Fig. 7. Panoramic radiograph showing persistence of extraction sockets in right and left mandible.



Fig. 8. Panoramic radiograph showing extensive involvement of the mandible with pathologic fracture of anterior portion.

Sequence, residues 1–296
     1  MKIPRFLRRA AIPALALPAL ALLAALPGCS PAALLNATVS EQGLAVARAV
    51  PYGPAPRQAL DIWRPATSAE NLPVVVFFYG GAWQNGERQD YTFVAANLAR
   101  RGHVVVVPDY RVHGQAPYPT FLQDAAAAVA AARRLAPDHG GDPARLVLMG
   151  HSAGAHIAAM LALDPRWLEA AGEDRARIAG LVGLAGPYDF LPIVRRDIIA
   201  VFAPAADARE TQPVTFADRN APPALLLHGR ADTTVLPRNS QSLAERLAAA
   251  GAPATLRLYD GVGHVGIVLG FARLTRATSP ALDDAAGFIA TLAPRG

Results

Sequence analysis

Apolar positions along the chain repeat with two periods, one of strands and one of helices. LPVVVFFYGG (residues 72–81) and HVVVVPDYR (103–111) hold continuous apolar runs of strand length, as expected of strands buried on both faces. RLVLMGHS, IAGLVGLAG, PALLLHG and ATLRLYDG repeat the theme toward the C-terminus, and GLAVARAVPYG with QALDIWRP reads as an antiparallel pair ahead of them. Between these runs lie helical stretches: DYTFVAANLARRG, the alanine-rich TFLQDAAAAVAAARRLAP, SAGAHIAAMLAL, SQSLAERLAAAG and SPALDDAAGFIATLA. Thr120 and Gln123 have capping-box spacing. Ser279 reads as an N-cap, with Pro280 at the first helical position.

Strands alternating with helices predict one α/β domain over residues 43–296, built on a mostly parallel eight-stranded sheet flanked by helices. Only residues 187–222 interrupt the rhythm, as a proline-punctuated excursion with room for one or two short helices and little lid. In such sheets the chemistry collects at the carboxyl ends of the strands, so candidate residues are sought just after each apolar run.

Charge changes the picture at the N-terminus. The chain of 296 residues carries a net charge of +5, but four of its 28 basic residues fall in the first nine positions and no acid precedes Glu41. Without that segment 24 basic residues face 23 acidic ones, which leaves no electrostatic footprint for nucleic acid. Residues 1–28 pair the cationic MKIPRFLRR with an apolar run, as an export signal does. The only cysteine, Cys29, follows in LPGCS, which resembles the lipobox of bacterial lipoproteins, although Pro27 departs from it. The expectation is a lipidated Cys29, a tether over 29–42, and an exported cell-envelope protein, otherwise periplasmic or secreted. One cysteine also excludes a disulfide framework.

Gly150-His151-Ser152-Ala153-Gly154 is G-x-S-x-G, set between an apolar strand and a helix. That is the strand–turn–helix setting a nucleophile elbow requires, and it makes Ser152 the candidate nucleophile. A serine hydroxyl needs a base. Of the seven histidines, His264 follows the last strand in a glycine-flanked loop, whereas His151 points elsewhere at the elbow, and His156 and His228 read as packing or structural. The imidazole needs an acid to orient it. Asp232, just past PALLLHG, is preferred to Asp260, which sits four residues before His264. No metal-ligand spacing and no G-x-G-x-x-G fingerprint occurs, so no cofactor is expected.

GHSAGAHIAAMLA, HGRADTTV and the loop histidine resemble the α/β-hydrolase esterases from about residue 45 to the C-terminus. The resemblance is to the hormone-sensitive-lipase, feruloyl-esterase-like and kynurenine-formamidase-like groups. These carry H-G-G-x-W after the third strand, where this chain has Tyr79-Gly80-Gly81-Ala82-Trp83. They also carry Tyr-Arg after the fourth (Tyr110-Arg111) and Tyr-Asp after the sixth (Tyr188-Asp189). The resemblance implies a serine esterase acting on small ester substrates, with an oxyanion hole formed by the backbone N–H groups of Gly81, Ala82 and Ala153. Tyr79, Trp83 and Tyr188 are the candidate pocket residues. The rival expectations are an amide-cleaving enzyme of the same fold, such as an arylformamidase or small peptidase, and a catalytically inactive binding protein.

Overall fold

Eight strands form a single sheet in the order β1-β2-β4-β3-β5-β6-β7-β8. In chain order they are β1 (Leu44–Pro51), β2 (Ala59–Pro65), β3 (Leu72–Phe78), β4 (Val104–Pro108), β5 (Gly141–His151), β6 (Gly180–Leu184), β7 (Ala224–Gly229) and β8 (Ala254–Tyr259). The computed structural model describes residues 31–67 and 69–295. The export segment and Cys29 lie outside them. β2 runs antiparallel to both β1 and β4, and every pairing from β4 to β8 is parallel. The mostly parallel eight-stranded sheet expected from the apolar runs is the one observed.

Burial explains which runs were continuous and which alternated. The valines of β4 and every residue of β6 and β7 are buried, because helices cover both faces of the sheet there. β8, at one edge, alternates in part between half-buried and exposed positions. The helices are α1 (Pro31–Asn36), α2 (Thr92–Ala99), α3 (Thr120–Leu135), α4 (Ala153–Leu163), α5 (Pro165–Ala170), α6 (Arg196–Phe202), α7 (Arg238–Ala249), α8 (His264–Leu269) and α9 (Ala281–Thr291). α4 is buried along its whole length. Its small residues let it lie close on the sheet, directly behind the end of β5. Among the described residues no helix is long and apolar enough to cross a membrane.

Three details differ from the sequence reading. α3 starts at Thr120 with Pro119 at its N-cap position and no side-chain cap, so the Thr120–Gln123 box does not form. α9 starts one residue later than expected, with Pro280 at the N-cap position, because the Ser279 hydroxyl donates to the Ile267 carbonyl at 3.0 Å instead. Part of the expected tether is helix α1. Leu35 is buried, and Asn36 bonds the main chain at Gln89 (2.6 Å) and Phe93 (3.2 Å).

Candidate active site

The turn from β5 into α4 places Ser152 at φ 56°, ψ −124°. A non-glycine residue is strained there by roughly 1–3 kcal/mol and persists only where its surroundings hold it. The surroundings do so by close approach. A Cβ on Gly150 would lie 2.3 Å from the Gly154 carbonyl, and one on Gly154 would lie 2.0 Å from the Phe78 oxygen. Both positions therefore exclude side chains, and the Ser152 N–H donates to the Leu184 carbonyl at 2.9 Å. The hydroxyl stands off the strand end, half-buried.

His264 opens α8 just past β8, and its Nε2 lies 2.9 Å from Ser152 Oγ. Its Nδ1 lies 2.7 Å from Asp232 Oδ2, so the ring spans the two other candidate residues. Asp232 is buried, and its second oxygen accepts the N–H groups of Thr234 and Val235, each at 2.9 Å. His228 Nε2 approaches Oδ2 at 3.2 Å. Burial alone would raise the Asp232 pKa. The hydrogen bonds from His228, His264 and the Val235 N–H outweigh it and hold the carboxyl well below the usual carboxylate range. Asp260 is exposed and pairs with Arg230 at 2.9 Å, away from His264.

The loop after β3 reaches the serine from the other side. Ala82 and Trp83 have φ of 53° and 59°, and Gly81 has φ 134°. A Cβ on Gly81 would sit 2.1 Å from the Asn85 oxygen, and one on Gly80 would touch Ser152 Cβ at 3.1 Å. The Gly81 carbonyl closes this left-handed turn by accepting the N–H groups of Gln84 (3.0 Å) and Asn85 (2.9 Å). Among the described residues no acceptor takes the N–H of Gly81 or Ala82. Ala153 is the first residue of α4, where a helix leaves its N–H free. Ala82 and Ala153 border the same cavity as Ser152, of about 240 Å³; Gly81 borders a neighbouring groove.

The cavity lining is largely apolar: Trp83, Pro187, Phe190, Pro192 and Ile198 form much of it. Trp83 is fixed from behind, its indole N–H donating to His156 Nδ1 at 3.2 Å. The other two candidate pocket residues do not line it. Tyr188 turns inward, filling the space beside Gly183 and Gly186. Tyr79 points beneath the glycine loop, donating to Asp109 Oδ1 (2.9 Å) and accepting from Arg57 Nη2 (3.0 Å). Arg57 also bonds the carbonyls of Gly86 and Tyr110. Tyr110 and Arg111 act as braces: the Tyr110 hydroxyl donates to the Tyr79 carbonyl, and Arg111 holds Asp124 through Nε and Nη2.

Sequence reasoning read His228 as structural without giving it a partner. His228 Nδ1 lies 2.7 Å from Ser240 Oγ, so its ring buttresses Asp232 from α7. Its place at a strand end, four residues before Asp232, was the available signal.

for early identication of BRONJ in asymptomatic individuals. MRI can detect marrow edema, which may be an early sign of bone ischemia and necrosis, such as is seen in avascular necrosis of the hip secondary to long-term use of steroids. However, whether this modality is helpful for detecting early lesions of BRONJ is unclear, although established lesions are detectable as expected [45]. Technetium 99m sestamibi is not taken up in areas of BRONJ [18], although uorodeoxyglucosepositron emission tomography (FDGPET) integrated with CT may show focal uptake [46]. All imaging modalities have proved helpful in determining the extent of the existing necrotic process, especially in advanced lesions, but have not shown any ecacy in assessing patients at risk for BRONJ. New avenues of research include the use of dental cone tomography, which uses only approximately 10% of the radiation of routine CT scans [47,48]. Histopathology and microbiology Microscopic examination of debrided specimens of exposed bone typically will show necrotic bone with associated bacterial debris and granulation tissue [26,49,50]. Microbial cultures from areas of exposed bone will usually isolate normal oral microbes and are therefore not always helpful [26]. However, when extensive soft tissue involvement is present, microbial culture data may help dene comorbid oral infections and facilitate the selection of an appropriate antibiotic regimen. The presence of actinomycetes in the culture and within biopsy specimens must be interpreted with caution. The presence of actinomycetes alone does not indicate a diagnosis of actinomycosis, because they are a common endogenous pathogen in dental plaque. The diagnosis of actinomycosis is made if actinomycotic organisms are present and associated with suppuration within the necrotic bone fragments, and actinomycetes was cultured from a sterile area within the bone and not from a swab of necrotic bone exposed to the oral cavity. The presence of pain, suppuration, and/or draining sinus tracts together with both diagnostic criteria also helps to conrm this diagnosis [51].